Jesus is weeping on the cross this week. Instead of saying, after Psalm 22, "My God, my God, why have You forsaken Me?" perhaps he is asking, "My God, my God, how could we let our children be forsaken, by people, by religious leaders, by trusted servants of the Church, by figures of authority, by men of God? My God, my God, how could we turn our children over to monsters, while also turning a blind eye?"
Jesus is weeping on the cross this week. There are others within the Catholic Church weeping right alongside him, weeping for these innocent children. And there are others throughout the world weeping too. There are priests, good priests, humble, genuine, selfless, loving men, in service to their God, their Church, and their communities, who would never, never even think of doing something steeped in such utter depravity. We must remember and honor those men for their sense of what is right and just, for their conscience and courage to confront the unconscionable.
Our Torah portion this week, Parashat Shoftim, contains one of the most famous and oft-quoted verses in the entire Torah. We read, "Appoint judges and officials for each of your tribes in every town the Lord your God is giving you, and they shall judge the people fairly. Do not pervert justice or show partiality. Do not accept a bribe, for a bribe blinds the eyes of the wise and twists the words of the innocent. Justice, justice, shall you pursue, so that you may live and possess the land the Lord your God is giving you." Justice, justice, shall you pursue -tzedek, tzedek, tirdof in the Hebrew, words that speak so plainly to this abominable reality.
Tzedek - justice. Thank God for this grand jury. Thank God for their thoughtfulness over two, long, arduous years. Thank God for their willingness and openness to listen to testimony, to accept the painful, disheartening, tragic stories of victims. Thank God for their bravery and their courage in speaking truth to power and presenting an 884-page report on an issue that must be brought to the surface, again and again and again. Perhaps this is why Deuteronomy calls upon the Israelites to "appoint judges and officials" for the tribes. We need external, impartial voices, to be able to see that justice, what is right and what is just is served properly. As more information comes to light, as more people come forward to share their stories, not only in Pittsburgh, but also throughout the world, we pray that those in positions of authority and leadership will continue to bear witness to this path of tzedek.
But justice from secular authorities is only the first part of tzedek tzedek tirdof. The second tzedek, the second call for justice, must come from within the Church itself. All leaders need to be open to criticism and to differences of opinion. One doesn't become a leader or ascend to the highest position in an organization without a willingness to accept flack. The Catholic Church needs a stronger voice, a voice of outright condemnation from Pope Francis on this subject. Leadership on this subject must come from the top, and work its way through every channel of the Church.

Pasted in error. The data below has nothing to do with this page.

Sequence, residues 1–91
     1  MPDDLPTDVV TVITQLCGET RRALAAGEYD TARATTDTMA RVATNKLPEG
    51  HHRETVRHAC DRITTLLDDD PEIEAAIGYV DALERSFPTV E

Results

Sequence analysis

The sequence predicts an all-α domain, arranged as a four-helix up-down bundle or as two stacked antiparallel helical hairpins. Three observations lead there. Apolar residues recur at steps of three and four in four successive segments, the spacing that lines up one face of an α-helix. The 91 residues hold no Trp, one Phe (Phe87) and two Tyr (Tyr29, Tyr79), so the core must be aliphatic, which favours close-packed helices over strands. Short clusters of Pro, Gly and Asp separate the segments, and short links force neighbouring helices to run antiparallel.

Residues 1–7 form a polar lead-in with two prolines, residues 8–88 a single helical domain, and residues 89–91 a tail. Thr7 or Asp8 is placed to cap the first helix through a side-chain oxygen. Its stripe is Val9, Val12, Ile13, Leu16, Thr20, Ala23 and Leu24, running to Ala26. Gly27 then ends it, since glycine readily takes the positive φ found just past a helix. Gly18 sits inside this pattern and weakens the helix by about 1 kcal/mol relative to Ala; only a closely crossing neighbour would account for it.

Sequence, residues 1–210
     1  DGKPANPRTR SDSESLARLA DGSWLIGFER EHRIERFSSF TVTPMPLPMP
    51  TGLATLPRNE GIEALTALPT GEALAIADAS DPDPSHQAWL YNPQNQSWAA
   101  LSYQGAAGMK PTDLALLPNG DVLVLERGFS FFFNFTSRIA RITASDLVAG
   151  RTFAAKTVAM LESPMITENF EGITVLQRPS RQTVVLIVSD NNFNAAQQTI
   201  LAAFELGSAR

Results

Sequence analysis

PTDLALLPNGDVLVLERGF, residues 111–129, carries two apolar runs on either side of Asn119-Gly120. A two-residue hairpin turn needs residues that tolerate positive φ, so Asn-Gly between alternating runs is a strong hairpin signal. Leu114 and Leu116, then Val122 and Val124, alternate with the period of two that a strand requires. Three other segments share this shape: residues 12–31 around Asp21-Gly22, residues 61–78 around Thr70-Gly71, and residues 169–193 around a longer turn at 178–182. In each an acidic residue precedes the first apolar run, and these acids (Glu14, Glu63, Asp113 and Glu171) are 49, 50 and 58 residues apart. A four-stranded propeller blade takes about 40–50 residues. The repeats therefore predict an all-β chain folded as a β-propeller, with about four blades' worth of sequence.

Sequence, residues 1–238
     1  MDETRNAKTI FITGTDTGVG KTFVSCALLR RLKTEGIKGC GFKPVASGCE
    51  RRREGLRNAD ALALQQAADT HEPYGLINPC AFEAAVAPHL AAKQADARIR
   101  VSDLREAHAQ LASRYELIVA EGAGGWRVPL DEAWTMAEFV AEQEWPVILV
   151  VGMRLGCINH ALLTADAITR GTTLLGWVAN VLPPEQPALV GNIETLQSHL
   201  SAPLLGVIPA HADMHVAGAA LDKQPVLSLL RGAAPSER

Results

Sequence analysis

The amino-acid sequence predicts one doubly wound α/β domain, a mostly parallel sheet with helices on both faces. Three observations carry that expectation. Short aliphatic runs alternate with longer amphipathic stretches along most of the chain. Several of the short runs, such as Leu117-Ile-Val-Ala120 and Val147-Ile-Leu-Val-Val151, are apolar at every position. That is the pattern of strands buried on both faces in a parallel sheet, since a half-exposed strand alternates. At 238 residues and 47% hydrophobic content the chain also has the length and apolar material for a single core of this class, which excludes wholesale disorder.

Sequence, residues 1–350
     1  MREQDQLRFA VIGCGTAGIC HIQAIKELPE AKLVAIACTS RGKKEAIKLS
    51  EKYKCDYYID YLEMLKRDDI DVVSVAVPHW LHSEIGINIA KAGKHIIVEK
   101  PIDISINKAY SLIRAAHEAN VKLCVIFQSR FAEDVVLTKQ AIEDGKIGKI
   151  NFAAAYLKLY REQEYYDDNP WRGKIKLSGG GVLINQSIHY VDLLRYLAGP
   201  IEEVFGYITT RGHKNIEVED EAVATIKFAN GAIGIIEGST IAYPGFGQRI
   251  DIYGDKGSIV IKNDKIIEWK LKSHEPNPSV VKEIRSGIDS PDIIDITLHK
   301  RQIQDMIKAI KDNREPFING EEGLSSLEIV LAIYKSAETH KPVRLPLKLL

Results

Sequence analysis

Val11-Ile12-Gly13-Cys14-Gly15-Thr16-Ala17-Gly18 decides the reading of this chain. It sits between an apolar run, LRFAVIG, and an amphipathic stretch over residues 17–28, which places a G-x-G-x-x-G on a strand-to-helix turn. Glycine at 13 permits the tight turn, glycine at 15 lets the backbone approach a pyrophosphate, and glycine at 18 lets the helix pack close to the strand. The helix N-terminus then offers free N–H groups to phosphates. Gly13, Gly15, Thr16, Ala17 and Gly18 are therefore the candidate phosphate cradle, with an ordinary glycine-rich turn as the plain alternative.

But the voice from Church leadership is yet to be perceived as strong enough. Greg Burke, director of the Vatican's Press Office used the words "shame" and "sorrow," acknowledging, "The Holy See condemns unequivocally the sexual abuse of minors." Yet the initial response from the Pope, in the form of a Tweet, merely said, "Still today there are so many martyrs, so many who are persecuted for the love of Christ. They are the real strength of the Church!" Pope Francis has been outspoken on so many relevant and timely issues in the world, and it takes time to reform a Church, to change centuries of long-held practice, but leadership requires not only the right words, but also the right actions.
Justice, tzedek,must come from within the Church, as well as beyond its walls. Justice, tzedek, must come from the Catholics among us, people who we know in the wider community, who will give voice to their own stories, who are brave enough to speak in their own communities, who are courageous enough to reach out to their own priests, to articulate to leaders in the Church about the changes that they must see, about the moral behaviors for which they wish any religious organization to embody, practice, model and teach. We need to stand with theseCatholics, and we need to stand with these priests who are receptive to this message. Let them comment on similar actions in the Jewish community, because it happens here too, and let us all stand together in acknowledging just how wrong and tragic all of this actually is.